Your smile directly impacts your overall wellbeing. From broken teeth compromising your ability to bite and chew correctly to poor bite alignment causing jaw joint pain, it’s clear that damage to the dentition can cause serious overall health problems. One of the most obvious instances where oral health can negatively influence overall wellness is with gum disease. While easy to prevent, it doesn’t take long for gum disease to begin exacerbating existing health problems and influencing an individual’s health. At Pristine Periodontics and Implants, our goal is to help educate patients on the symptoms as well as health consequences of periodontal disease.
Gum Disease and the Heart
In recent years, studies have suggested that there is a strong correlation between periodontal disease and the development of heart disease or other cardiac problems. In a 2017 study, researchers suggested that this link is due to the fact that both diseases are caused by the same bacteria. In periodontal disease, the bacteria erode the gums and connective tissue that hold teeth in place, causing inflammation. Over the course of the disease, it is suggested that the same bacteria enter the bloodstream and circulatory system. In response to the new infection, inflammation occurs, this time in the blood vessels. Ultimately, this can lead to the development of arterial plaque and clots, both of which are contributing factors in heart attacks and strokes.
Among American adults, cardiovascular disease and stroke are leading causes of death, with stroke accounting for 16.5% of deaths and heart failure accounting for 8.5% of cardiovascular disease-related deaths. In one estimate by the American Heart Association, about 92.1 million American adults are living with some form of cardiovascular disease or the after-effects of stroke. While gum disease may not directly cause these conditions, there is strong enough evidence to suggest that the oral condition can increase an individual’s risk of developing these serious health problems..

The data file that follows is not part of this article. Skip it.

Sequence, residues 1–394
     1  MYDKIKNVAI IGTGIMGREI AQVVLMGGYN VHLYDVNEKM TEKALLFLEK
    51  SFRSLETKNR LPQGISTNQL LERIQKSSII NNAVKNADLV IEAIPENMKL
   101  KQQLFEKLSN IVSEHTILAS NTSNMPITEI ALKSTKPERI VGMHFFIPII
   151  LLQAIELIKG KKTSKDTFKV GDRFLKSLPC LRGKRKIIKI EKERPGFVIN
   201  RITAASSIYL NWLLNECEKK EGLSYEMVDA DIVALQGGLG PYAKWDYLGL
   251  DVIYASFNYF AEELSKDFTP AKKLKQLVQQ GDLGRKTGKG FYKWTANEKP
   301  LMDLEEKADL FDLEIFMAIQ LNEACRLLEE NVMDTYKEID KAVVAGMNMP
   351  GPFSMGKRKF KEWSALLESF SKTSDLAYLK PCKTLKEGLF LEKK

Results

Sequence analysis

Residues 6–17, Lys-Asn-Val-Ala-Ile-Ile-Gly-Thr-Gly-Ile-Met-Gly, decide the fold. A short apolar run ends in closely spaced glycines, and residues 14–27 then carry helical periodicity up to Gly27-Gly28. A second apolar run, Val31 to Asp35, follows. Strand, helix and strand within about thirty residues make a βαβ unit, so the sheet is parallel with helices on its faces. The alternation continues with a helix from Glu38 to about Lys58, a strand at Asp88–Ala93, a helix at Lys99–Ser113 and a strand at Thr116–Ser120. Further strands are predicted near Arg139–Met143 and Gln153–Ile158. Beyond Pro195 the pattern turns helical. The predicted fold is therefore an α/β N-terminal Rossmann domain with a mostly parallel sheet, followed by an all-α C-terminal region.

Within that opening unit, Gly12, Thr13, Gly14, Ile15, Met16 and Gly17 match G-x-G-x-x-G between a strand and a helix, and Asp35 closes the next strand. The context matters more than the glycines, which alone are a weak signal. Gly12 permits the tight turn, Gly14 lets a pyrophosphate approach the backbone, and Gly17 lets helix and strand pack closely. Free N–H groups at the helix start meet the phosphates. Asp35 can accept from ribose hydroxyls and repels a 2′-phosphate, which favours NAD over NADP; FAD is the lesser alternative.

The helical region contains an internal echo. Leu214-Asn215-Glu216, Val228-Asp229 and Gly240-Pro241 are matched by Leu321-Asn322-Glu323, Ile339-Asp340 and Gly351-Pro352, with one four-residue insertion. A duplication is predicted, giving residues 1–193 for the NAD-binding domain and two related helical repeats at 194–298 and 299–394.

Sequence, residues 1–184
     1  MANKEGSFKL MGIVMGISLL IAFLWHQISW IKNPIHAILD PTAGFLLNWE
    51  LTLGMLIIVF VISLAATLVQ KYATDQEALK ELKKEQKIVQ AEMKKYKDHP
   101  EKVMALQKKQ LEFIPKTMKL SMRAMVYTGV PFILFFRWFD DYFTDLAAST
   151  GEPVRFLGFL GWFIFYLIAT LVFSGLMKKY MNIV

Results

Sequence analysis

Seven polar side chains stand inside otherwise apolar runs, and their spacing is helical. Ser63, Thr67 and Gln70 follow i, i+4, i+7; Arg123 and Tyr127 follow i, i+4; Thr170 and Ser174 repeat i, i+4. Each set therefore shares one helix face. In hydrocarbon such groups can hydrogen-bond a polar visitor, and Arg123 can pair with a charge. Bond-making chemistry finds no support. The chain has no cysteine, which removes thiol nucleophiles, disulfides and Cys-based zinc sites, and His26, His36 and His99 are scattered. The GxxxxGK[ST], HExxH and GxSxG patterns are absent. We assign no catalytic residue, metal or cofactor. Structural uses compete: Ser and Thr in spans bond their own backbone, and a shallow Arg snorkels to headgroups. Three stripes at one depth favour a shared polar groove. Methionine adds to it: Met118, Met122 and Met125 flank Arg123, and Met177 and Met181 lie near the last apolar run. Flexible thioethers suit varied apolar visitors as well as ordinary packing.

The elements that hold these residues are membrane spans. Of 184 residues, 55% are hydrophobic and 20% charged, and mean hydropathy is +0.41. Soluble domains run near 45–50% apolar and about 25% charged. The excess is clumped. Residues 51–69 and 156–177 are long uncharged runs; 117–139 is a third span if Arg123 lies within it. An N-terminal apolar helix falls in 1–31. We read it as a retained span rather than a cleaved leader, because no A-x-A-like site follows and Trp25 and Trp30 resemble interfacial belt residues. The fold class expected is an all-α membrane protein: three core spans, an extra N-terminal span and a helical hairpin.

Gum Disease and Diabetes
Diabetes is another condition studies have suggested is indirectly influenced by gum disease. In individuals with uncontrolled gum disease as well as those at risk of developing diabetes, gum disease increases blood sugar levels, creating the perfect environment for bacteria to breed. As a result, this oral condition can quickly progress into periodontitis and advanced periodontitis without proactive treatment. Likewise, the increase in gum disease-causing bacteria makes it difficult for diabetic patients or at-risk patients to control their blood sugar, leading to a worsening of the condition.
Gum Disease and Pregnancy
For pregnant women, gum disease poses a threat not only to the mother but also to the unborn child. Fluctuations in hormone levels, as well as increased risk of gestational diabetes can contribute to the development of gingivitis or periodontitis during pregnancy. The danger comes in the inflammation caused by bacteria. Over the course of the disease, the bacteria releases toxins that trigger an inflammatory response. This combination puts the pregnancy at high risk of several critical adverse results, including low birth weight, preeclampsia, premature birth, and even miscarriage.
Treat Gum Disease Today with Dr. Sayed
Without comprehensive and effective treatment, gum disease can quickly compromise your quality of life and put you at risk of serious secondary health issues. In Birmingham, MI, periodontist Dr. Sayed is equally passionate about educating patients on the health risks associated with gum disease and on helping individuals with the condition get appropriate treatment. Call our office today to learn more about the long-term health consequences of the periodontitis and get the comprehensive care you deserve.
Dr. Abdullah Sayed
2425 East Lincoln St., Suite 100
Monday: 8AM - 5PM
Tuesday: 7AM - 2PM
Wednesday: 1PM - 7PM
Thursday: 8AM - 2PM